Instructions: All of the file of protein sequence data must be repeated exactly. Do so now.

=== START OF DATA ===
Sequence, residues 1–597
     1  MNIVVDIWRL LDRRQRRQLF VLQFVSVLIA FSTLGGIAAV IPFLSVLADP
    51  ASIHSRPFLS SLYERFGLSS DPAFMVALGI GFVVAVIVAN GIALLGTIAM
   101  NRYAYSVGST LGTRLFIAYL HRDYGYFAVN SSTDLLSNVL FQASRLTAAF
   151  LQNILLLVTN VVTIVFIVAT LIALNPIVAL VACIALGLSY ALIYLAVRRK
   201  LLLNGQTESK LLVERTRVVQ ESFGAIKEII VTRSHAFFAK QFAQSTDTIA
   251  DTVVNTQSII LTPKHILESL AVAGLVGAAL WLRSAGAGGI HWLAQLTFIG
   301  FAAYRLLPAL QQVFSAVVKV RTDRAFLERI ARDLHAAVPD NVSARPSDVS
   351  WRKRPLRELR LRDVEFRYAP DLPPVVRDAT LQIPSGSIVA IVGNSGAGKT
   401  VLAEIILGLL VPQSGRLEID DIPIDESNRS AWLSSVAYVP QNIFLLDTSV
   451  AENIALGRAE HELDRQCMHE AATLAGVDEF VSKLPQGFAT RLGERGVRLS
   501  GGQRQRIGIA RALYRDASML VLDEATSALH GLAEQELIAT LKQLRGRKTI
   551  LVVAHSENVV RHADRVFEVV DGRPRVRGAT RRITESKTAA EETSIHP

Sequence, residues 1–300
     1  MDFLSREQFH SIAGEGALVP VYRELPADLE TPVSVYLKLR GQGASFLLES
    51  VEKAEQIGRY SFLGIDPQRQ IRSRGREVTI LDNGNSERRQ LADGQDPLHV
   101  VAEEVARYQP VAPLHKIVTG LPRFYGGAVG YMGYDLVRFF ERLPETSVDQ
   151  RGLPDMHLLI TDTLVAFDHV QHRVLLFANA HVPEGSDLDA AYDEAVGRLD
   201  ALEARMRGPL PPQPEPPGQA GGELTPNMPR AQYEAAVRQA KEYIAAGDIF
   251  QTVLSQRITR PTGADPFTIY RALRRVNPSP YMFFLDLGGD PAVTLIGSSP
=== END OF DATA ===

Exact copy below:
Sequence, residues 1–597
     1  MNIVVDIWRL LDRRQRRQLF VLQFVSVLIA FSTLGGIAAV IPFLSVLADP
    51  ASIHSRPFLS SLYERFGLSS DPAFMVALGI GFVVAVIVAN GIALLGTIAM
   101  NRYAYSVGST LGTRLFIAYL HRDYGYFAVN SSTDLLSNVL FQASRLTAAF
   151  LQNILLLVTN VVTIVFIVAT LIALNPIVAL VACIALGLSY ALIYLAVRRK
   201  LLLNGQTESK LLVERTRVVQ ESFGAIKEII VTRSHAFFAK QFAQSTDTIA
   251  DTVVNTQSII LTPKHILESL AVAGLVGAAL WLRSAGAGGI HWLAQLTFIG
   301  FAAYRLLPAL QQVFSAVVKV RTDRAFLERI ARDLHAAVPD NVSARPSDVS
   351  WRKRPLRELR LRDVEFRYAP DLPPVVRDAT LQIPSGSIVA IVGNSGAGKT
   401  VLAEIILGLL VPQSGRLEID DIPIDESNRS AWLSSVAYVP QNIFLLDTSV
   451  AENIALGRAE HELDRQCMHE AATLAGVDEF VSKLPQGFAT RLGERGVRLS
   501  GGQRQRIGIA RALYRDASML VLDEATSALH GLAEQELIAT LKQLRGRKTI
   551  LVVAHSENVV RHADRVFEVV DGRPRVRGAT RRITESKTAA EETSIHP

Sequence, residues 1–300
     1  MDFLSREQFH SIAGEGALVP VYRELPADLE TPVSVYLKLR GQGASFLLES
    51  VEKAEQIGRY SFLGIDPQRQ IRSRGREVTI LDNGNSERRQ LADGQDPLHV
   101  VAEEVARYQP VAPLHKIVTG LPRFYGGAVG YMGYDLVRFF ERLPETSVDQ
   151  RGLPDMHLLI TDTLVAFDHV QHRVLLFANA HVPEGSDLDA AYDEAVGRLD
   201  ALEARMRGPL PPQPEPPGQA GGELTPNMPR AQYEAAVRQA KEYIAAGDIF
   251  QTVLSQRITR PTGADPFTIY RALRRVNPSP YMFFLDLGGD PAVTLIGSSP